One thing about the coronavirus is that it's global. New York may now be in the eye of the storm but similar situations are unfolding elsewhere. In Germany, the pandemic is at its worst in Munich and surrounding regions, while Frankfurt remains comparatively untouched - although this may change. In Paris, overwhelmed hospitals have been putting critically ill patients on trains to regions where they can receive better care.
Amidst the crisis, some U.S. banks are sticking to their pre-Corona playbooks and continuing to ramp up businesses in Europe in preparation for Brexit, which is still due to happen at the end of this year.
Mizuho Securities Europe, for example, announced the opening of its Paris branch on Wednesday. Run by Alexandra Bergmann, a DCM banker who joined from UBS in 2012 and who was previously based in London, the Paris branch will provide investment banking services to clients in France and the Benelux markets that were previously served from the UK. Mizuho's European operations are run from Germany by ex-RBC banker Christoph Seibel, who joined in early 2019. The German bank now has around 29 people working in Germany. Curiously, it already has a similar number working in France, many of whom seem to have been there for several years.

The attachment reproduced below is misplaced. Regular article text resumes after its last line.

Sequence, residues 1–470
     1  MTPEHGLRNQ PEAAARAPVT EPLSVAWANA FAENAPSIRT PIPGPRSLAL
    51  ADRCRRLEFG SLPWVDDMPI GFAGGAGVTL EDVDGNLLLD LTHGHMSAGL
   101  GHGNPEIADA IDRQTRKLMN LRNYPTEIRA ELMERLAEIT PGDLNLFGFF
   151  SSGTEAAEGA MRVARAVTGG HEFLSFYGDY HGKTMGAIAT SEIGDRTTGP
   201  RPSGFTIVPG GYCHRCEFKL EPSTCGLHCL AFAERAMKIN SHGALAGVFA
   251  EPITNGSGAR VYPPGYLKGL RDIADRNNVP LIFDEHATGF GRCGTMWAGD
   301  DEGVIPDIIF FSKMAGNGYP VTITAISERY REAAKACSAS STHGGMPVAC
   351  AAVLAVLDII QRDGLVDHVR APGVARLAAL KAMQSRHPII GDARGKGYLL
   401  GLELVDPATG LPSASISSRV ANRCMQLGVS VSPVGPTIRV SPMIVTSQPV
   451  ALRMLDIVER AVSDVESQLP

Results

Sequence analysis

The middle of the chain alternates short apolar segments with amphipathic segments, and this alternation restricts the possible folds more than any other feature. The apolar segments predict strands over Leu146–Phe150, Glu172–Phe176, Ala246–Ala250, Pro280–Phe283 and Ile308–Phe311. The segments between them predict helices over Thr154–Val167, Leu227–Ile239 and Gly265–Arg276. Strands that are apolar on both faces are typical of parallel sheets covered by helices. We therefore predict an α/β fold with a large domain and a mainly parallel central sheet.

Mizuho isn't the only bank putting its Brexit house in order despite the virus. JPMorgan, which is building post-Brexit hubs in Paris and Frankfurt, has released various new Frankfurt vacancies in recent weeks. They include an opportunity for a senior rates trader, a senior operational risk manager, and an associate to work on regulatory risks and controls and help oversee German regulatory reporting.
Citi is also planning post-Brexit hubs in Paris and Frankfurt. Earlier this week, the U.S. bank began advertising for a head of FX corporate sales, based in Frankfurt. Morgan Stanley, meanwhile, has just opened vacancies for a deputy head of operations in Frankfurt and for a compliance officer to advise Frankfurt salespeople and traders.
The ongoing recruitment reflects the fact that even as the virus peaks, banks still need to prepare for Brexit - which is theoretically still going ahead, even if meetings relating to the divorce are being delayed and cancelled. European regulators have long warned against the danger of 'letterbox style' operations for banks in Europe and demanded that local offices are adequately staffed to handle risk, rather than simply conducting mirror trades that transfer the real risk back to London. Banks are still taking note.
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